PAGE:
|For Immediate Release|
|Monday, May 19, 2008|
|Contact:||Heidi Guarino 781-338-3106|
Gov. Patrick Swears In Mitchell Chester as Commissioner of Education
Former Ohio Deputy Known For His Work in Accountability and Assessment
BOSTON - Pledging to do his part to take the Massachusetts public schools from "good to great," Mitchell Dan Chester was sworn in by Gov. Patrick on Monday as the Commonwealth's 23rd Commissioner of Education.
Chester most recently served as the Deputy for the Ohio Public Schools and is recognized nationally for his expertise in education policy, assessment, accountability, curriculum and instruction.
"I am confident that Mitchell Chester will be an exceptional leader for the Department of Elementary and Secondary Education," said Gov. Patrick. "He offers a diversity of experience and commitment to children that uniquely positions him to move Massachusetts forward. I look forward to working in partnership with him in the years ahead."
Chester was sworn in on his first official day as Commissioner at the Joseph J. Hurley School in Boston's South End, flanked by his family and nearly 50 educators, legislators, key stakeholders and business leaders from across the state.
"The Massachusetts public schools are the envy of educators across the nation because of the unprecedented commitment to success our educators, legislators, business leaders and parents made nearly 15 years ago," he said. "While we outscore other states on most national assessments, we still have a long way to go to close our achievement gaps, reduce our dropout rates, and prepare all of our students for college and careers in the 21st century. This is going to be challenging, but exciting work, and I can't wait to get started."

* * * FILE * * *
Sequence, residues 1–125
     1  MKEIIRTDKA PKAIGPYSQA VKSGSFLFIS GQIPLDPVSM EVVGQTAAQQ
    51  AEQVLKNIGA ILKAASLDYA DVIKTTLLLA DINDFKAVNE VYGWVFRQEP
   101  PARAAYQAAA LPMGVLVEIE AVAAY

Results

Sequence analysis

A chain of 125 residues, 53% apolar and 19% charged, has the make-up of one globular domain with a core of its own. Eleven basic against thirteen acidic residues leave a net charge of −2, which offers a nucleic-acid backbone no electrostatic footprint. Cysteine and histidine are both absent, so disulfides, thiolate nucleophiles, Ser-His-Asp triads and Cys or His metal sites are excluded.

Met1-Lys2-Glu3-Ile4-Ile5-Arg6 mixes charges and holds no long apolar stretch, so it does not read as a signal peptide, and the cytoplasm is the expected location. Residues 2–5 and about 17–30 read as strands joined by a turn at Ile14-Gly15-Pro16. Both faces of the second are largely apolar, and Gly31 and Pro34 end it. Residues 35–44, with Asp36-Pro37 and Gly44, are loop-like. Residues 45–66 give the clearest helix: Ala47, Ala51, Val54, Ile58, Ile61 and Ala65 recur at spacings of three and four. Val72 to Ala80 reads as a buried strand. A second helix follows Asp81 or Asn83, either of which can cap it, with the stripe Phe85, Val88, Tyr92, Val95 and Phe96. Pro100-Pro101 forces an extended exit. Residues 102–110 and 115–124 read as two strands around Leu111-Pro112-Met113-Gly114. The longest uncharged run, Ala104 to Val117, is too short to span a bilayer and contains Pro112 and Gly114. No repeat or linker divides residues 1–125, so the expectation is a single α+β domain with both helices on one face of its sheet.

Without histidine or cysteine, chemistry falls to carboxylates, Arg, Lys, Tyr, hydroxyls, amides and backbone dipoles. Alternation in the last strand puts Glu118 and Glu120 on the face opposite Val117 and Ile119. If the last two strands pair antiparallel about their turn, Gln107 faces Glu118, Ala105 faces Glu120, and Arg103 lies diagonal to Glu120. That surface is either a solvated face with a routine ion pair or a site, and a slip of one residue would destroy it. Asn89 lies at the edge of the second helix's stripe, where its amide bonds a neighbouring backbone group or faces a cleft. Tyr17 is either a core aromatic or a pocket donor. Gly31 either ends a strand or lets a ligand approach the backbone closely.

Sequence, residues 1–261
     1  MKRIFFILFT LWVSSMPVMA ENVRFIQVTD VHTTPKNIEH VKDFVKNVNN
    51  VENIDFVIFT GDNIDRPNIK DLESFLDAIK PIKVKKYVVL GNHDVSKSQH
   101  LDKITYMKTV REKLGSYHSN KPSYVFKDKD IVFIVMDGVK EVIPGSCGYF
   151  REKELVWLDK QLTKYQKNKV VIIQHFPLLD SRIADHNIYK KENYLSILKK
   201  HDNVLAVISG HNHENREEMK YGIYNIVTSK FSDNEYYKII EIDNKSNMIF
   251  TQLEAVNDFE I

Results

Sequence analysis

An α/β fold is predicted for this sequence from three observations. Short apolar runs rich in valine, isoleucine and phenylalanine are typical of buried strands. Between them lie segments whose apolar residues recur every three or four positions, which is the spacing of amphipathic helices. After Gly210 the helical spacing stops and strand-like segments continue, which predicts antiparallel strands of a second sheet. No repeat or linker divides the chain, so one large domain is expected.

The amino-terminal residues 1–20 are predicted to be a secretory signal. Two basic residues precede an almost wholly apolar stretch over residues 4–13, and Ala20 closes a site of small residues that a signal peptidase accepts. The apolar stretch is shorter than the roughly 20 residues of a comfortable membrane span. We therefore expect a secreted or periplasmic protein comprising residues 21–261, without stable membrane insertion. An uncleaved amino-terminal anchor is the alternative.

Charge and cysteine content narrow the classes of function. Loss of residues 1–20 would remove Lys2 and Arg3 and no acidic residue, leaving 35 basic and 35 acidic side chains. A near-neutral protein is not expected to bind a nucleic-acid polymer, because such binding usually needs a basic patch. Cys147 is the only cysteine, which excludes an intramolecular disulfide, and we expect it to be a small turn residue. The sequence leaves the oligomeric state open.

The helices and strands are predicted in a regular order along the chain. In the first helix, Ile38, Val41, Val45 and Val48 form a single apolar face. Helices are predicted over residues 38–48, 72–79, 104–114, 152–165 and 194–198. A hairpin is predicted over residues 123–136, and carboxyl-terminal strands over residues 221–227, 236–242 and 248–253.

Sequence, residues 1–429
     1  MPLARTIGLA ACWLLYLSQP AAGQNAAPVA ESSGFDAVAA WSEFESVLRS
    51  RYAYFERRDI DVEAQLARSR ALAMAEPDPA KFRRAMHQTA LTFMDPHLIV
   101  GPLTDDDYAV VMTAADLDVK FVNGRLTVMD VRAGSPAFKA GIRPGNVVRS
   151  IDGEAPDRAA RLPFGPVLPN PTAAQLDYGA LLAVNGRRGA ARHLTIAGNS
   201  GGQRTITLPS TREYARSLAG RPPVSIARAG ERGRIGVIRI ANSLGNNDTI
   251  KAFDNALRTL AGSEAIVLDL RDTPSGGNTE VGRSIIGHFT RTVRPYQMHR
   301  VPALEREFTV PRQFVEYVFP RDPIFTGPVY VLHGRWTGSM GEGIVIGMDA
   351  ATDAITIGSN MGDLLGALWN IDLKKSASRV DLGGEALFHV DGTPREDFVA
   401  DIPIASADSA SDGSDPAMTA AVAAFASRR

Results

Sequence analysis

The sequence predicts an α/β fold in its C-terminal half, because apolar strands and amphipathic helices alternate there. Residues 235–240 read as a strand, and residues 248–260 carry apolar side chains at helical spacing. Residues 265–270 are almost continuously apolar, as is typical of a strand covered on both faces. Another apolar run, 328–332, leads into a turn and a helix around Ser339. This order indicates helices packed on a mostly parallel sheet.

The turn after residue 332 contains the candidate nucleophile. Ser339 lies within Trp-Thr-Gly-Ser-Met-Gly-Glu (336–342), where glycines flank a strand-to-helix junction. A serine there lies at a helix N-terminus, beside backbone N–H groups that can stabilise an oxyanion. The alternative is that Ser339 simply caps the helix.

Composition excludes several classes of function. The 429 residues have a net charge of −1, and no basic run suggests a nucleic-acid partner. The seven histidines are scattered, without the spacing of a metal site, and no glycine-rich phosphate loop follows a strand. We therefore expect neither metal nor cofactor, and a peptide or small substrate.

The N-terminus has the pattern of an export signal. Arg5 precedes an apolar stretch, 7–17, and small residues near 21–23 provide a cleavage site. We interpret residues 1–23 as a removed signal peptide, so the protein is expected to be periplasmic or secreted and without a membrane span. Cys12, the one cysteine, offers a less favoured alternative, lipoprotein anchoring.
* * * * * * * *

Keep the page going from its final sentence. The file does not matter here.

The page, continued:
The Board of Elementary and Secondary Education voted unanimously in January to appoint Chester to succeed former Commissioner David Driscoll, who retired last August.
"Mitchell Chester was the Board's unanimous choice because he is superbly and uniquely qualified, by virtue of his experience and perspective, to lead the next, ambitious stage of school reform in Massachusetts," said Board Chairman and incoming Secretary of Education Paul Reville. "We are delighted he to have him at the helm and excited to forge ahead."
Education Committee Co-Chairs Sen. Robert Antonioni and Rep. Patricia Haddad said they are both eager to begin working with Chester.
"I welcome Commissioner Chester to the state of Massachusetts," said Sen. Antonioni. "He brings tremendous credentials and will undoubtedly be a strong advocate for public education. I look forward to working with him in the very near future."
"I am excited that our new Commissioner brings a fresh perspective to such an important role," said Rep. Haddad. "While he certainly has his work cut out for him, I am very much looking forward to working with Dr. Chester as we continue to push our schools and students to the top."
Chester, 56, is a Connecticut native and began his career as an elementary school classroom teacher. In 1988 he was named a senior assessment associate for the Connecticut Department of Education, and in 1993 was made Education Bureau Chief of the state's Bureau of Curriculum and Instructional Programs. He served as Executive Director of Accountability and Assessment for the Philadelphia Public Schools from 1997 to 2001.
He moved to Ohio in 2001 to take on the role of Assistant and later Associate State Superintendent for Policy and Accountability. He remained in this role until 2006, when he was promoted to Senior Associate State Superintendent for the Ohio Public Schools. In this role he worked closely with Ohio State Superintendent Susan Zelman, and was responsible for education policy development, the state's accountability systems, alignment of federal and state policy and strategic planning for the agency.
Chester's wife, Angela, and 10-year-old son, Nicholas, are finishing out the school year in Ohio and will join him in Massachusetts in late June.